• We attached four 10' x 30' tarps along the two sides of the roof, with 3-1/2" deck screws through 1" x 3" strapping, and Alex Plus under the trap around the screw hole. Drape the tarp over the roof edge and secure the grommets with a 1/4" x 1-1/4" fender washer and 2" deck screw through the edge flashing. Secure the inner lengths with strapping
  • Lift up the inner sides to cut a 1 foot by 4 foot test trench, then secure the inner side, check after rain that water is not entering.
  • A few days before date for insulation, complete the two 60-foot long trenches.
  • Tear up two or three decking planks (to create a one-foot wide hole) so hoses can be pushed in and below the joist/rafter bays to reach the center wall(s).
  • If rain interrupts work, stretch the tarp flaps across the trenches and tack them down temporarily. But this insulation work should take part of a single day.
  • When insulation is complete, roofers can tear off the roof completely.
  • Approximately one foot of cellulose insulation at R3.8 per inch will provide over R40, well beyond the R13 of polyiso under the PVC.
  • We might also add a temperature-controlled "smart vent," at the rear of the building, with adequate passive intake vents around the soffits.

Tear off old roof

Crane in the garages courtyard will not require a police detail on the street.

Repair bad planks and add deck screws when roof is open.

We need to strengthen the connection between the decking/sheathing and the rafters/joists, which were built using only nails. We need strong deck screws to lock planks into the joists.

Zurn Z100

We must also renovate the storm drain pipe. Replace it with a sump bowl large compared to the current entrance hole, which has been greatly reduced by old roofing entering the 4" cast iron pipe.

We want a new PVC roof (maybe better KEE?)

Thickness? 45 mils minimum. 60 mil preferred.

Flat Roof Attachments
IronRidge FRA

The IronRIdge Flat Roof Attachments (alternatively, (Anchor Products U-Anchors or now OMG PowerPlates Plus) expect to be attached directly to the roof decking.

If attachments were mounted on top of the membrane through 2" of flexible insulation, the screws would bend back and forth and eventually break under the roof membrane?

So it makes more sense to attach FRAs through the PVC membrane, essentially directly to the decking.

Sealing the penetration of the PVC membrane

Hot air welding of a PVC membrane around roof penetrating objects can be very time-consuming. (Compare labor-intensive FiberTite pipe seals and Johns Manville field-wrap pipe seals.)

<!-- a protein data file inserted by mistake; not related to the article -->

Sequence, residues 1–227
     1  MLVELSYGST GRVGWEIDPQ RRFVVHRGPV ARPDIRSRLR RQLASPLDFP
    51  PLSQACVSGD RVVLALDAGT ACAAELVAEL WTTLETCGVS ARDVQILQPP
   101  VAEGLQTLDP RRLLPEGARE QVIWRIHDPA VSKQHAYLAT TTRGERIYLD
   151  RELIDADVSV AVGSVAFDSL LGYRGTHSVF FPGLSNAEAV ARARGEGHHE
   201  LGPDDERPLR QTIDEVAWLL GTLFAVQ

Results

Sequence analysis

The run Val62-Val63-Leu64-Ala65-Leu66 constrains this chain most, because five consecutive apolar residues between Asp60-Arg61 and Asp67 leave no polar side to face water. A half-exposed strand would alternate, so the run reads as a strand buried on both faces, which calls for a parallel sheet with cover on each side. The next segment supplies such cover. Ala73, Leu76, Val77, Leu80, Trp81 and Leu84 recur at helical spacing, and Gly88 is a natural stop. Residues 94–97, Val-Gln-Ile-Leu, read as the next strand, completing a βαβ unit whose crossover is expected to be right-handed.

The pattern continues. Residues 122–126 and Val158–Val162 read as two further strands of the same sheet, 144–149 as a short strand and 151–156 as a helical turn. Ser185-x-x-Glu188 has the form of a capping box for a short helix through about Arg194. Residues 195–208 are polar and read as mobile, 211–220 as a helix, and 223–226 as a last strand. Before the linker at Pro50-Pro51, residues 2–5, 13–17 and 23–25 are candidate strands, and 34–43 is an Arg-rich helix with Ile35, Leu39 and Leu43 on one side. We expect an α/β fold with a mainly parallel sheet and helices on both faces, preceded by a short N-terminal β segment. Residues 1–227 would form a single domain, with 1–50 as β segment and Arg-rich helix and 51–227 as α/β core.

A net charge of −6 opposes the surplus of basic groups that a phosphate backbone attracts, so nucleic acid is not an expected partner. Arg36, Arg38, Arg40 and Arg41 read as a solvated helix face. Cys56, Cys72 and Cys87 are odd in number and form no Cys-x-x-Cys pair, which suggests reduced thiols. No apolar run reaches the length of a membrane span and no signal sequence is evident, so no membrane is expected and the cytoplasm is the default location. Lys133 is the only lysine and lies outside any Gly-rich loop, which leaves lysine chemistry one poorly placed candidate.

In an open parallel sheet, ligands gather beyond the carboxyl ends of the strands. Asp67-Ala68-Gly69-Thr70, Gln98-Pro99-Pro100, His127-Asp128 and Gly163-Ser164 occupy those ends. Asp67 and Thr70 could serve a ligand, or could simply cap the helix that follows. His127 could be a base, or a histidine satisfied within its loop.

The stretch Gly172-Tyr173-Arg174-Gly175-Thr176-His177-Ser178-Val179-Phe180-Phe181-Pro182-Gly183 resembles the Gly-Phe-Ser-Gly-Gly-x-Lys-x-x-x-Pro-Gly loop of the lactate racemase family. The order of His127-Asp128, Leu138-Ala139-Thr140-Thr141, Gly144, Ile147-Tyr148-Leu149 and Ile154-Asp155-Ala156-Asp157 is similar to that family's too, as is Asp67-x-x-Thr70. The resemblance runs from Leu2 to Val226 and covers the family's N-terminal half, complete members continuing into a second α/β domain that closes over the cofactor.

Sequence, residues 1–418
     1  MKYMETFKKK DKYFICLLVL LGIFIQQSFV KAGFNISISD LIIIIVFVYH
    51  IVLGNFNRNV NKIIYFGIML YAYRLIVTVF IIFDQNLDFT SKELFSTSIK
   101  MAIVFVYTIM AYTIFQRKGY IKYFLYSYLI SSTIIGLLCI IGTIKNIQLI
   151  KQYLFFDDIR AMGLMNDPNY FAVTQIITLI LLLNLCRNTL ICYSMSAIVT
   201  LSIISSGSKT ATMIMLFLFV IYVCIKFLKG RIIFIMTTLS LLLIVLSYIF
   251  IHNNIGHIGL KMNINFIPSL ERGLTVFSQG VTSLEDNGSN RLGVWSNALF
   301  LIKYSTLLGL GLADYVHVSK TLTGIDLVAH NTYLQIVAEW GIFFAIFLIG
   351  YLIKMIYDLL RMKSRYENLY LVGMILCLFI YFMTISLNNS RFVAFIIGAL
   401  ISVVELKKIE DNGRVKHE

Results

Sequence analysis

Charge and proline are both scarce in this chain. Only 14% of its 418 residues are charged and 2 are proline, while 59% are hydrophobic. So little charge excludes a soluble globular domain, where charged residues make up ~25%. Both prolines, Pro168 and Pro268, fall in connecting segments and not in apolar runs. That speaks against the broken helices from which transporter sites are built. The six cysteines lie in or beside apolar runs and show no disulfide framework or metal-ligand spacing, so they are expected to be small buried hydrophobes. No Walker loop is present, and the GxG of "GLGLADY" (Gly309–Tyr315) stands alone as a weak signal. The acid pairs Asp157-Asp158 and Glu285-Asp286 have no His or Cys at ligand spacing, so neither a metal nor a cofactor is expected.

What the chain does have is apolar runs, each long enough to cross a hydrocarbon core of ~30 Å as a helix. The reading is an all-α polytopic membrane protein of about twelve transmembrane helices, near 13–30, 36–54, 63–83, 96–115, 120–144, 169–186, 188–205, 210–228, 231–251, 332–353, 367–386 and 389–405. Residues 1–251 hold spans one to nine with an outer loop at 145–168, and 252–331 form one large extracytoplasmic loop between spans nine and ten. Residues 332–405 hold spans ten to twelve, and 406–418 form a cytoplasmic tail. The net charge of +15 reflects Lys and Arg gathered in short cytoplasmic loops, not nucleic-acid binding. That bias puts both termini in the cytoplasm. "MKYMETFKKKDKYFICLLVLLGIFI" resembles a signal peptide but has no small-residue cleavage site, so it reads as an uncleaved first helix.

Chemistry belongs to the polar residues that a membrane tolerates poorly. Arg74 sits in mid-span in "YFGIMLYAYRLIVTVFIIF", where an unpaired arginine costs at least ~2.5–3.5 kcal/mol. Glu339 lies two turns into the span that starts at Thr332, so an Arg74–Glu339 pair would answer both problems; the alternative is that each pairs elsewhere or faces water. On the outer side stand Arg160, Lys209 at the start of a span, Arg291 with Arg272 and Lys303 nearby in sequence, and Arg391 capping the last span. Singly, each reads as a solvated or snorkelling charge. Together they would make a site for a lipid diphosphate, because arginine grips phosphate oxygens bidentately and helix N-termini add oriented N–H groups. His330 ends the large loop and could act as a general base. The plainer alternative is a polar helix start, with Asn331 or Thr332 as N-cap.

By comparison, installing the IronRidge flat roof attachment (FRA) is much quicker and simpler.

1) The IronRIdge FRA is attached with 16 screws (on top of the new PVC roof).
2) The premolded membrane is centered on the FRA by inserting a bolt into the FRA, then hot air welded to the PVC (The 60 mil membrane for Carlisle PVC/KEE is FRA-M60K-CA-W1).
3) The tilt leg is bolted, with weathertight washers, into the (non-penetrating) hole in the FRA.
There is no time during racking installation that the roof has openings for water penetration.

Solar Panel Installation

Permit process first.

Specify locations and install the flat roof attachments.

Hot-air weld the PVC/KEE membrane covers for the FRAs. Who does the- roofers or solar installers? Roofers - for warranty reasons.

Install solar rack mounting system on top of new roof.

IronRidge XR100 rails will be attached to the now watertight tilt legs on the flat roof attachments. The attachments are spaced every four feet, staggered between the two rails. North rails are tilted up to 20° (or 30°, depending on row separation).

Install solar panels, microinverters or power optimizers at each panel, cabling, connection to the grid, net metering, etc.

What does a net metering installation look like? Can I visit a completed installation?

A First Step?

This should be included in the permit process.

We also want to put solar panels on the roof of my Tesla garage (75 Huron). It is tar and gravel on poured concrete and has never leaked. It will not need bifacial panels (unless we also replace it with a cool white roof).

The garage has nowhere near the solar irradiance of the house, but I suspect it will pay for itself and I want it so my son Rob and I can get experience with the panels, the monitoring system, the net metering, etc.

The new solar energy would contribute directly to charging the Tesla Model 3, now in my garage and about to have 240V/40A charging once Tesla sends me the 6-50 NEMA adapter.

I put in a new showroom style floor in the garage to match the car..